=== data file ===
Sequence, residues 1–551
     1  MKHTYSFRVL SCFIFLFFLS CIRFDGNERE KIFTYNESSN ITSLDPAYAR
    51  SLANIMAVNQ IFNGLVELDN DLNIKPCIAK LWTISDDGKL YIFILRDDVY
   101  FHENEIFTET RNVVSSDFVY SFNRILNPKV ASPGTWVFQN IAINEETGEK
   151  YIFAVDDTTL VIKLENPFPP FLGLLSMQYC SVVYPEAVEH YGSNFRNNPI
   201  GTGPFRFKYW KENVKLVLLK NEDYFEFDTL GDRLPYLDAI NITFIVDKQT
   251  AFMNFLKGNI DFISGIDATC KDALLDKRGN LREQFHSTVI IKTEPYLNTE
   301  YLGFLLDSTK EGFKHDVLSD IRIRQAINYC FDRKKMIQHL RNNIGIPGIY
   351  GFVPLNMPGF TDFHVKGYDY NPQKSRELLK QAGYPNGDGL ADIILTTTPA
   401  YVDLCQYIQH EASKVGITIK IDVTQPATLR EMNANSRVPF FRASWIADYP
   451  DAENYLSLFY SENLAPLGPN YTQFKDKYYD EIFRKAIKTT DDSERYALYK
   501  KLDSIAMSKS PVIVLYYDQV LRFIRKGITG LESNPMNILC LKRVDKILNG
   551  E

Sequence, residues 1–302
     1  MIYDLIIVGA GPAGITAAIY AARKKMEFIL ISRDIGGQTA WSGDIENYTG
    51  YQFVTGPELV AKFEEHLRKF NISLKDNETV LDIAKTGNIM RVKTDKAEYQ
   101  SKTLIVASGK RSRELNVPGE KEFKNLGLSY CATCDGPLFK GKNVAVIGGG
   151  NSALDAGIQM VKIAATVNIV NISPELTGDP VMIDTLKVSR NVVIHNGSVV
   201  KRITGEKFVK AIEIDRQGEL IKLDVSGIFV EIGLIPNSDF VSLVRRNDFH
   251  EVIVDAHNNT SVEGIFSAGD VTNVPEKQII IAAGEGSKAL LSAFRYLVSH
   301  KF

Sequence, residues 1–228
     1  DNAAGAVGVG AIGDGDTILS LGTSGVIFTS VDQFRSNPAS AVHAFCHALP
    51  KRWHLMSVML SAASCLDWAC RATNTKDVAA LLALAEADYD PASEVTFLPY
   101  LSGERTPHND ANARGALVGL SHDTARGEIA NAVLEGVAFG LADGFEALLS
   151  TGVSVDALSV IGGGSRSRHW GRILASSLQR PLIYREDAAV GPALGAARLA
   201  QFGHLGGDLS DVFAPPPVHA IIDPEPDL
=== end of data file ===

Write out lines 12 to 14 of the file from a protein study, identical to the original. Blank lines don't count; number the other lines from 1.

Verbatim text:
   501  KLDSIAMSKS PVIVLYYDQV LRFIRKGITG LESNPMNILC LKRVDKILNG
   551  E

Sequence, residues 1–302